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Author Topic: Modern English to OE  (Read 6969 times)

Linden

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Modern English to OE
« on: November 03, 2013, 11:21:38 AM »
I found this
http://www.oldenglishword.com/
which may be useful to some.  A word of caution - it gives no indication of which word might be more appropriate in a particular context. It's worth looking up the word you pick (where there is more than one given) and checking for its applicability to the context in which you wish to use it.
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David

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Re: Modern English to OE
« Reply #1 on: November 03, 2013, 05:50:02 PM »
 
This looks like a useful addition. I agree that when looking up any word or phrase, check by translating back.
 
Having said that, I tried several words and phrases that I have been struggling with recently and it did not come up with a single suggestion for any of them.

Linden

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Re: Modern English to OE
« Reply #2 on: November 03, 2013, 05:55:48 PM »
 
..............................Having said that, I tried several words and phrases that I have been struggling with recently and it did not come up with a single suggestion for any of them.
If you put them on the Gegaderung, maybe someone can help?
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David

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Re: Modern English to OE
« Reply #3 on: November 03, 2013, 11:28:47 PM »
 
 
..............................Having said that, I tried several words and phrases that I have been struggling with recently and it did not come up with a single suggestion for any of them.
If you put them on the Gegaderung, maybe someone can help?
 
I did decide on translations but you might suggest better ones. The words were plumber, dentist, calendar, drift and slip; the phrases were time drift and time slip. The only one the site gave an answer for was slip where it suggested aslīdan but I wanted a noun, or possibly an adjective. I suppose I could have used asliden but I went for something else. The words I used were:-
Plumber  –  wætermann/lēadgota
Dentist  –  tōþlǣce
Calendar  –  ġerīmbōc
Drift  –  floten
Slip  –  slide
So for time drift/time slip I wondered about floten tīma or tīmaslide.
 
Any suggestions?
 
 
 
 
 
« Last Edit: November 03, 2013, 11:31:50 PM by David »

Linden

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Re: Modern English to OE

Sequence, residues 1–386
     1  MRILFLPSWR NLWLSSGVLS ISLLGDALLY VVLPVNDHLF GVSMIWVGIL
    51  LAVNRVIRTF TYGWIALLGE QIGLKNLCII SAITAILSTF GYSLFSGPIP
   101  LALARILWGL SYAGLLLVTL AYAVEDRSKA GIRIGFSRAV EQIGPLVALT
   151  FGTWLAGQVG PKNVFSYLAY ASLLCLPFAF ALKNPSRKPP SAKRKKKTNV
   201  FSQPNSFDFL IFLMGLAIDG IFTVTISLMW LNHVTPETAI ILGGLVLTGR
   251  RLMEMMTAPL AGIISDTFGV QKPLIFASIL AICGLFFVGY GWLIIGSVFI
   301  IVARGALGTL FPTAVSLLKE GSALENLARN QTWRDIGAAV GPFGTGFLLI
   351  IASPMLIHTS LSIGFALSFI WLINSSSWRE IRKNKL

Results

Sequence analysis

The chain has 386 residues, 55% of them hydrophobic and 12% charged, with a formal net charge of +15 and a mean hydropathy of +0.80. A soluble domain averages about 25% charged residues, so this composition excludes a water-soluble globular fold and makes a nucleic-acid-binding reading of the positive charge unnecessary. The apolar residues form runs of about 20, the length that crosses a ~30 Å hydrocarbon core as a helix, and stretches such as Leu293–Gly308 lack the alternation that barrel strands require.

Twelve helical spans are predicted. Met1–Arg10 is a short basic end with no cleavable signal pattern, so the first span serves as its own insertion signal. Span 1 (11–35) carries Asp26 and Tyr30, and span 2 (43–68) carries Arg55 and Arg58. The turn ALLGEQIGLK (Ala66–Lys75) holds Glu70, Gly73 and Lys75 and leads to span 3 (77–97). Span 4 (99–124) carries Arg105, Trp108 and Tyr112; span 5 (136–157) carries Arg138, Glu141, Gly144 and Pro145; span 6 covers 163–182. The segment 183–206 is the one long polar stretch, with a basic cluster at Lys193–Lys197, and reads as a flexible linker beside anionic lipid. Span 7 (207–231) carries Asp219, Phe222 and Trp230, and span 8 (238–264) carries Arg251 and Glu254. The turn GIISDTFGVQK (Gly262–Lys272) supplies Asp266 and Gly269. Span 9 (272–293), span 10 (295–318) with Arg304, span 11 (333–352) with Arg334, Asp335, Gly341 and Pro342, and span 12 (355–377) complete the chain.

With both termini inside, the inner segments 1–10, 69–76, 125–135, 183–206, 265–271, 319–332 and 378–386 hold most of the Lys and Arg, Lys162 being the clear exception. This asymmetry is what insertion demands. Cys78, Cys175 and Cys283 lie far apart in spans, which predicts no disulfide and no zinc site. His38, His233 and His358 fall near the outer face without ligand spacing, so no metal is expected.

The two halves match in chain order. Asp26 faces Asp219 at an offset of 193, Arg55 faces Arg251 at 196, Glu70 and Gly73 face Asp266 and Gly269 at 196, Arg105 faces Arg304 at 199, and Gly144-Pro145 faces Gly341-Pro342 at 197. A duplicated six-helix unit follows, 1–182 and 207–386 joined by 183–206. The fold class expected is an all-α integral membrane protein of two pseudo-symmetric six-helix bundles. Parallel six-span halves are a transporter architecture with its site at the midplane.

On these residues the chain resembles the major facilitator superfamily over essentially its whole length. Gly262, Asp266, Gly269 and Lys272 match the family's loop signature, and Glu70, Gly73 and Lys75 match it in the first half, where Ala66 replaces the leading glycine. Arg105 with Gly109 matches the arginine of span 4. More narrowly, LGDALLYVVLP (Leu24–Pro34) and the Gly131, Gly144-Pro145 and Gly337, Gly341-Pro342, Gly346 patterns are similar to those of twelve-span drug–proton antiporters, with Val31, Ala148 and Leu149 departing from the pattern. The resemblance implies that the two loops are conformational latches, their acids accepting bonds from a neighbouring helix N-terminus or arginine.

« Reply #4 on: November 04, 2013, 01:39:45 PM »
 
I don't really think you need much help.  Perhaps lead-wyrhta might be better than lead-gota for plumber but lead-gota has the advantage of being listed in Bosworth&Toller (as a 'lead-founder').  Just being picky really - a founder seems to me to imply someone working in a foundry rather than out and about as a plumber?


If what you are looking for is the unpredictable element of 'drift' or 'slide', have you looked at 'wandrian', 'wandlung' and 'wendan' which incorporate many meanings of 'shift' (ed..,oþ-....,.....)?

As for the concept of 'time', it all depends upon the context.  Since you mentioned a calendar, you may be looking for precision?  The following list of terms other than 'tima' and 'tid' may help (or not):-

byre - a time, a season, an event...
cerr/cyrr - a turn, a time......
f æc/fec - interval of time
fierst/first/fyrst - an interval of time (appears more measured than fæc?)
hand-hwil - a moment
hwil - a while, a space of time
hwil-fæc - a space of time
hwil-stycce - short piece of time
hwil-þrag - a space of time
ild - an age, an era, a period of time
sæl - a time, an occasion
stefn - a fixed time, a turn
stund - a while, a time, an hour
tæl-mearc - a date
þrag - a time, a season

Incidentally, Harry Ball wrote a great article on the calendar and measurement of time which used to be on the old web-site.  I don't know whether this might be rediscovered somewhere?



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David

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Re: Modern English to OE
« Reply #5 on: November 04, 2013, 04:06:07 PM »
 
Thanks for your efforts, Linden. You are definitely a step up on that site.
 
 
I like lēadwyrhta. However, ironically, plumbers tend not to use lead any more. Maybe it should be ārwyrhta. You don’t know the old English for plastic, do you?
 
 
You gave me quite a choice for time. Maybe, for my time drift, I should use tælmearcslide. I was dealing with how, in Anglo-Saxon times, over the centuries the dates of events drift because of the use of the Julian calendar.
 

Linden

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Re: Modern English to OE
« Reply #6 on: November 05, 2013, 09:39:48 AM »
  .....You don’t know the old English for plastic, do you?..................

If I needed an OE word for 'plastic', I would start with 'horn' which is a natural plastic and look for a suitable prefix.
I might resort to Latin and 'old-anglicise' the Latin root 'plast-' which might carry the meanings both of moulding something and artificiality and, used in OE, would imply also something new and foreign - so 'plasten-horn'? It also has the advantage to the modern ear of being close to the original target.
If I wanted to stick to 'pure' OE(*), I might try 'geblanden-horn' (mixed horn) or 'picen-horn' -horn made of pitch?
* In my opinion there is no such thing as pure OE - we have been borrowing words and concepts since well before what one might term the start of OE.
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